169.254.169.254). The metadata service is used when creating an instance for tasks such as setting the hostname and injecting your ssh public key. Failure to communicate with the metadata service may result in an impaired or non-accessible instance.
- By keeping multiple instances behind a router, fewer public IP addresses are required. We only have a finite number of expensive public IP addresses, so it is appreciated when you can conserve this resource.
- Routers shield your instances from botnet attacks originating from the public internet. The modern internet is rife with powerful botnets which relentlessly hammer every machine attached to the public internet. Effective firewalls and hardened configuration can ameliorate the risk, but hiding sensitive services (such as databases) inside a private network offers an additional layer of security.
- If you have multiple subnets in a single private network, a router can also be used to direct traffic between them.
Note that these virtual router and attaching it to an external network does not necessarily provide a way into the instance from the internet, only a way out. If you want to create a way into the instance, we recommend using floating IP's (subject to quota allowance), as instructed below.
Navigate to the Network -> Routers tab:
Click the Create Router button.
In the Create Router dialog, enter the name of your router.
melbourne as the external network.
This will attach a publicly routed IP (not to be confused with Floating IP) to your router and allow outbound communication from any instance that joins your gateway-enabled private subnets.
When you are ready, click the Create Router button.
Associate the router with a network
Once the router has been created you must attach it to the private network of choice. Make sure you are on the Routers tab, then click on the router you just created:
Then select the Interfaces tab and click Add Interface.
From the Add Interface dialog, select the Subnet you created earlier from the drop down box. If you specified a Gateway IP address earlier when creating the subnet, the router should also be given that same IP address here. Once completed, click Submit.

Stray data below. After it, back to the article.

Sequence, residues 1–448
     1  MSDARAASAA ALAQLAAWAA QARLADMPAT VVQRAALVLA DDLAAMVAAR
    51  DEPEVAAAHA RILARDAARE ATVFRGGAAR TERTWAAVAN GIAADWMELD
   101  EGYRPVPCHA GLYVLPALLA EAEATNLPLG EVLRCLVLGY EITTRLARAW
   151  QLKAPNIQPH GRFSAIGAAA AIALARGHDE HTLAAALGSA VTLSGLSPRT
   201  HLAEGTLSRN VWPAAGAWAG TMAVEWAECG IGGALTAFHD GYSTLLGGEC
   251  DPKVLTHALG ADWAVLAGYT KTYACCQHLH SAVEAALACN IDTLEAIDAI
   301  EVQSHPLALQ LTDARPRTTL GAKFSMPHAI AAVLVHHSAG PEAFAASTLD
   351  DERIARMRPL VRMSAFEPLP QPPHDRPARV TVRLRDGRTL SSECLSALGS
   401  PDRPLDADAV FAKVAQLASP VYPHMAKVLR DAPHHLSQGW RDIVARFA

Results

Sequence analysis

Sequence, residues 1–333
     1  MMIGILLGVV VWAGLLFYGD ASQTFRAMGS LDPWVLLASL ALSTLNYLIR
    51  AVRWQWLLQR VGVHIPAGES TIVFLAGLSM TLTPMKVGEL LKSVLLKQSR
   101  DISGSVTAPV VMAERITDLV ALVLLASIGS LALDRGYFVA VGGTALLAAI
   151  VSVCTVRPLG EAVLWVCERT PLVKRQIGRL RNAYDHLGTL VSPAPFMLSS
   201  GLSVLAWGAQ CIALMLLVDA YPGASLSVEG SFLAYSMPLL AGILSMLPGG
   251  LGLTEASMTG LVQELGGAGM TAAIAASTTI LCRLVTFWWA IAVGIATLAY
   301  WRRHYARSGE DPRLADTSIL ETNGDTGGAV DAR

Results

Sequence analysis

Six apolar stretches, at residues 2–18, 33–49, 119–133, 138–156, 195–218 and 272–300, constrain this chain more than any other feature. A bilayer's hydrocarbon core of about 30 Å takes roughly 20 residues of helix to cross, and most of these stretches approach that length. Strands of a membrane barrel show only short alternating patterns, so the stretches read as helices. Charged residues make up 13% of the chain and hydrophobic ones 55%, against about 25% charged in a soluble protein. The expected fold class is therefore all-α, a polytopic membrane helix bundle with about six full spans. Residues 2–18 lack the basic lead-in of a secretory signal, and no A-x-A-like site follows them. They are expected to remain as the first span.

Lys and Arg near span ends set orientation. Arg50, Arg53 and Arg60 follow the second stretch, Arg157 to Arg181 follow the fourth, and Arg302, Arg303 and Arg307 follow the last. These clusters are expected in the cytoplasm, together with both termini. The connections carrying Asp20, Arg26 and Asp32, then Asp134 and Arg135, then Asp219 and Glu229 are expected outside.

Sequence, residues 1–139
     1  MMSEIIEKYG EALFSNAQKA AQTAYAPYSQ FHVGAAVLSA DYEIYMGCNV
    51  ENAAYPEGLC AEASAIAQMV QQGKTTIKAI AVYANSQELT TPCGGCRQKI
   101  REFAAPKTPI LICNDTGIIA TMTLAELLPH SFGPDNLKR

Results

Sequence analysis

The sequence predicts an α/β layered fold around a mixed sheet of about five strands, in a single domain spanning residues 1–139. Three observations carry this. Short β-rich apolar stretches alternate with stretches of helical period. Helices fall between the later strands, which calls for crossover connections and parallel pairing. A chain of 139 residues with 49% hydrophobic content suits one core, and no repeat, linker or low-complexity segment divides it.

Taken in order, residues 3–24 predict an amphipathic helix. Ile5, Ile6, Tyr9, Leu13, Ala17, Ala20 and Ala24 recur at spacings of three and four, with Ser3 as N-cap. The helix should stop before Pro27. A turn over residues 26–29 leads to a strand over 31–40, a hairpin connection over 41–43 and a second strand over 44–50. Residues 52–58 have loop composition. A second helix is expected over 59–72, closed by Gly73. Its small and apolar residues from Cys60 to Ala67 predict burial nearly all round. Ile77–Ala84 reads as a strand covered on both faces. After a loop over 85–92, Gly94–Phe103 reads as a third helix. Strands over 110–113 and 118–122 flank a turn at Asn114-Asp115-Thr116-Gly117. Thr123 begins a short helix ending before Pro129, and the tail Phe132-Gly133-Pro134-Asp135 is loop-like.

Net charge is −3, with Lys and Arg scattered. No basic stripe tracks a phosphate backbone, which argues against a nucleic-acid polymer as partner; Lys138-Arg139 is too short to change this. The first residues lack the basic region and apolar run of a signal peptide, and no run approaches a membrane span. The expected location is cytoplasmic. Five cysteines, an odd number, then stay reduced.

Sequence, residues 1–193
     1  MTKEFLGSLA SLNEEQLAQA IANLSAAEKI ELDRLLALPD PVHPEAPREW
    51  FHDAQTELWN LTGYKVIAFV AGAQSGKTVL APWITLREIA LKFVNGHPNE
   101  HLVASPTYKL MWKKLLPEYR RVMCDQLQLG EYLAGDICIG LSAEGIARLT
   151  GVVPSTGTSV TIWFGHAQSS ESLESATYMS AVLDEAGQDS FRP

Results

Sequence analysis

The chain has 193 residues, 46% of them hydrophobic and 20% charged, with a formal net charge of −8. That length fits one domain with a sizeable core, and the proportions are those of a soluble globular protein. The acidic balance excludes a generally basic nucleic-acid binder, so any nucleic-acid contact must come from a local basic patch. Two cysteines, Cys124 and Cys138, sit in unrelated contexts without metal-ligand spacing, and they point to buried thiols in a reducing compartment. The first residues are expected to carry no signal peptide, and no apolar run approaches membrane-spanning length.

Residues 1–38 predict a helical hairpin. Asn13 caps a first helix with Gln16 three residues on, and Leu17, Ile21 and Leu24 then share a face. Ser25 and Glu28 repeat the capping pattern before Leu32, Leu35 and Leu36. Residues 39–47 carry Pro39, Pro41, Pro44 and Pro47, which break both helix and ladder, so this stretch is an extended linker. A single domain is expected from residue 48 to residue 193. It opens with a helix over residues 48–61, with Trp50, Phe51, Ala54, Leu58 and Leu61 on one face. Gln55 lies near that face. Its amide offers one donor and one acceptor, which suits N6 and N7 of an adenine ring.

Your private network is now ready for use by compute instances.
Using the private network
Adding a new instance to the network
In order for a compute instance to communicate on a private network it must be attached to an interface on that network. This section describes attaching a private network to an instance at instance launch time.
From within the Launch Instance window in the dashboard select the Networking tab.
Add your private network to Allocated Networks using the
We will remove the Classic Provider network in this example as we intend to use floating IPs for inbound communications.
Attaching a floating IP to an instance
In order for a floating IP to be attached to your instance, your instance needs to be part of a private network which contains a gateway-enabled subnet. This includes the presence of a virtual router so that traffic can egress to the external internet.
From the Compute -> Instances tab, find the instance from the previous step, and use the actions menu to click Associate Floating IP.
Select a floating IP address from the list and ensure your instance port is selected in the Port to be associated field.
If you see "No floating IP addresses allocated", click the
+ (plus) icon;
this will take you to a new window where you can claim a floating IP address for use in your project.
When finished, click Associate.
Verify the floating IP is now present in the Dashboard; you may need to refresh the page.
Once you are satisfied, you may try logging into your instance via the floating IP address.
It is not usually a good idea, but if you need to, you can attach and detach interfaces on existing virtual machines. These actions can both be performed using the instance's action menu.
Likewise, a floating IP address can be disassociated from an instance from the actions menu.